The US has re-joined the High Ambition Coalition, HAC, a group of countries pushing for progressive climate action to limit temperature rise to 1.5 oc. President Biden seemed to apologise for shortcomings in this area of the former Trump administration when they quit the COP 21 Paris accords. Biden said, “We will demonstrate to the world the United States is not only back at the table but hopefully leading by the power of our example,”
China, the US, the UK, and 40 other world leaders have signed a deal to make clean tech affordable everywhere by 2030.
Climate pledges also came from the commercial sector, Amazon CEO Jeff Bezos, pledging to invest $2 billion into restoring lands in developing countries, while India received mixed reactions for announcing a net-zero target as distant as 2070.
Forty nations led by the UK and including China, India, and the US, agreed to impose standards, create incentives, and set up rules, to create markets for new technologies. According to the BBC news, this could be transformative if it works. The partners might, for instance, agree a date by which a certain percentage of steel is made without using coal. This would give investors the confidence to know that markets for innovative technologies would be available, which could in turn dramatically lower the price of clean technologies globally.
In a deal with France, Germany, the UK, the US and the EU, South Africa will receive £6bn ($8.5 billion) to ditch its reliance on coal.
Most big UK firms and financial institutions will from hereon in be asked to outline how they plan to hit climate change targets. These plans will be given to an expert panel to ensure they are not just green washing.
President Biden talking on Tuesday referred to the fact that fighting climate change can be beneficial to the economy, an important and “sustainable” point to make, and maybe reinforced by some of the comments above particularly with financial pledges. Biden argued that fighting climate change will create jobs, through green opportunities such as renewable power and electric vehicles, to name but two of many. Biden’s comments were reflected today (5th November) by 15 governments including the UK who declared support for Just Transition through green growth, decent work and prosperity as economies move towards net zero emissions, there are six steps:
1. Support for workers in the transition to new jobs.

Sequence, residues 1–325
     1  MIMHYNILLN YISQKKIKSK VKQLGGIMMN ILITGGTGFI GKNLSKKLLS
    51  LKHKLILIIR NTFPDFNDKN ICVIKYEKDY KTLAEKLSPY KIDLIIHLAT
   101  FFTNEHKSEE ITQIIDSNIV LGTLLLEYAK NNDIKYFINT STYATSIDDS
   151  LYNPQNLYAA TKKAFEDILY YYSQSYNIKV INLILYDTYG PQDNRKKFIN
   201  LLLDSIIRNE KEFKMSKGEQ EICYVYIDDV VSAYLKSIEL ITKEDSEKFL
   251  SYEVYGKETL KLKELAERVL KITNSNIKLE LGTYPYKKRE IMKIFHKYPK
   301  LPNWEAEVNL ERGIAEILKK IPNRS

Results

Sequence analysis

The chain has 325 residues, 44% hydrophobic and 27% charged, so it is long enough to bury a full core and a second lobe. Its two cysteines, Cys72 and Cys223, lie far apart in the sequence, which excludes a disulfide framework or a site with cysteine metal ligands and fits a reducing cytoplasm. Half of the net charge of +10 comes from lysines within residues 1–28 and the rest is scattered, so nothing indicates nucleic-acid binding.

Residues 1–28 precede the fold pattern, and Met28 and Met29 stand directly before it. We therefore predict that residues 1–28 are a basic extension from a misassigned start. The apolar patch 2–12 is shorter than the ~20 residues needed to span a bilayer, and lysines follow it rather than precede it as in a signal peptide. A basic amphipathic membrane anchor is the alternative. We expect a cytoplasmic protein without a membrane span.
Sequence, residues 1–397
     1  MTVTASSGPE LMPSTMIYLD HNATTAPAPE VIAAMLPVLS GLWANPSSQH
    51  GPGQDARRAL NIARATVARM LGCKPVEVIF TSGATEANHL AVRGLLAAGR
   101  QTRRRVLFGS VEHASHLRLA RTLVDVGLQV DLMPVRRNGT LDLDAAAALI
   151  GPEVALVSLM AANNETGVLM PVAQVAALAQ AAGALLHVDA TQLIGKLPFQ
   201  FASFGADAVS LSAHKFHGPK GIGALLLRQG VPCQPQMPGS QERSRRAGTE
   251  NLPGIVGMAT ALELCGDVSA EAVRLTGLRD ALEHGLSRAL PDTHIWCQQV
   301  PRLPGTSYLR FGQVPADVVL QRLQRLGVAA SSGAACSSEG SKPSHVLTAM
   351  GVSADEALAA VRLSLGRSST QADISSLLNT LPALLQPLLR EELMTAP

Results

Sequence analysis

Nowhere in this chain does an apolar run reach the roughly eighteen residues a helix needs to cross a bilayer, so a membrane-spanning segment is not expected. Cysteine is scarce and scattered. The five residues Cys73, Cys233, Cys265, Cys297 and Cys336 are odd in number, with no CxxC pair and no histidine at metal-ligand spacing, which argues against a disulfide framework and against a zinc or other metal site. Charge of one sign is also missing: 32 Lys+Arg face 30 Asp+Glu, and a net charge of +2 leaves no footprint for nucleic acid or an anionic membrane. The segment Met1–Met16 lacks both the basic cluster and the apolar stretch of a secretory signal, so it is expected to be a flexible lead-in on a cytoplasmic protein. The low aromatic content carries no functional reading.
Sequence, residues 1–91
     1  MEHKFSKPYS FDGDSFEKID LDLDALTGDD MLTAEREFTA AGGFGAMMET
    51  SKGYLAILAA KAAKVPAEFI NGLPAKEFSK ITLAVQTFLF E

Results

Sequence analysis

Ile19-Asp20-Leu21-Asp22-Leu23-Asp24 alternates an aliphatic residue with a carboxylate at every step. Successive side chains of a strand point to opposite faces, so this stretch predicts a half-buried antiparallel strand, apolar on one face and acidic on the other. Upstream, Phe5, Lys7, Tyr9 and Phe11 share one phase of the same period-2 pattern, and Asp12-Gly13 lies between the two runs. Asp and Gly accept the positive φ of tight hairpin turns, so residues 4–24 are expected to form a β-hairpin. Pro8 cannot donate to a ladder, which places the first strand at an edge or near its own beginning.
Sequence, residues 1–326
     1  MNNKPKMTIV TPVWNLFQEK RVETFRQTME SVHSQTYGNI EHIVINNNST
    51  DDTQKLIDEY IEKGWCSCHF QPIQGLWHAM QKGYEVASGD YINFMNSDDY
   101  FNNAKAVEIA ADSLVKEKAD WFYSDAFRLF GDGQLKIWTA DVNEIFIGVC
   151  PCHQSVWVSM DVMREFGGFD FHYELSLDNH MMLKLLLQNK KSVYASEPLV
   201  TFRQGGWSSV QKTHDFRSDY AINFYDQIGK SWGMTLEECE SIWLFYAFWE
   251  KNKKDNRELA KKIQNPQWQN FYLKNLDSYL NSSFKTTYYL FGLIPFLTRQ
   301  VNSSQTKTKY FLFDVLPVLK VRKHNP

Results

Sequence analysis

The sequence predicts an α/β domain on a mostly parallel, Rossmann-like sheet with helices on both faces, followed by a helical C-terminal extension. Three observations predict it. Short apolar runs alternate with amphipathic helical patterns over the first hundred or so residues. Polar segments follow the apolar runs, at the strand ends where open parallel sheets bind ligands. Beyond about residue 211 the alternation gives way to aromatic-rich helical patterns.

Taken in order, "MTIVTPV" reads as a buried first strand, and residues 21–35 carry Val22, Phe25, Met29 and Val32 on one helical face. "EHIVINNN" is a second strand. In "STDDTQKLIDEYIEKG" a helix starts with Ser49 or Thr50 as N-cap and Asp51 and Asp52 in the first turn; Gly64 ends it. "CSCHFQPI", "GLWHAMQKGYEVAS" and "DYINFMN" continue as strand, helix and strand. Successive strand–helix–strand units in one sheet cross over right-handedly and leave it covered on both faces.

2. Support and promote social dialogue and stakeholder engagement.
3. Develop economic strategies which include wider economic and industrial support beyond clean energy.
4. Promote local, inclusive, and decent work.
5. Support for human rights in global supply chains and the importance of building climate resilience.
6. Report on Just Transition efforts in Biennial Transparency Reports.
How this trickles down to street level is matter for debate, but as outlined in the six steps above, support in transition jobs and promoting local inclusive and decent work, seems to offer many opportunities at local level.
There were many commonalities in these speeches, such as tackling climate change is the right thing to do, it has to be started now, it will take a combined effort and has intergenerational implications, as the Queen noted in her closing comments:
“But we are doing this not for ourselves but for our children and our children’s children, and those who will follow in their footsteps.”
Although it was reported that expectations were not high for COP26 at the start, according to the BBC however, some seasoned COP observers have been pleasantly surprised, such as Pete Betts the former EU lead for climate change who said:
“The trend towards a zero-carbon world is irreversible. The question is when we get there, and what the climate will be like by then.”
So, what next? The negotiators will continue their arguments and discussions, getting down to the intricate and probably messy task of establishing the rules, so that all nations can trust each other’s carbon reduction initiatives
As already mentioned how this will affect our lives individually and regionally remains to be seen. The COP26 is not the budget, so the effects are unlikely to start next week. In time we will probably be affected in various ways such as how we heat our homes, what we eat and how we travel. That said the comments mentioned above seems to offer potential regional opportunities which may need to be proactively grasped, horizon scanning may pay off, well that or some good advice.
What seems to be clearer than it was this time last week, is that adopting a sustainable approach is going to offer increasing opportunities to the commercial sector, particularly if it can be demonstrated that moving towards a net zero carbon world is a main strategic target. It also suggests that integrating a sustainable regime into our corporate DNA is not a luxury, not a tree hugging gesture or a box ticking exercise, to undertake it as a greenwashing exercise has its risks because, your supply chains, customers, and your employees are starting to recognise that well-worn trick, and as outlined above there will be official scrutiny against it.
For me at least and my colleagues in the ROSE project, with what we have seen in the COP26 so far, it seems clear to us that any business irrespective of size or sector that develops a strong sustainability ethic is among other things working towards the best way of future proofing itself.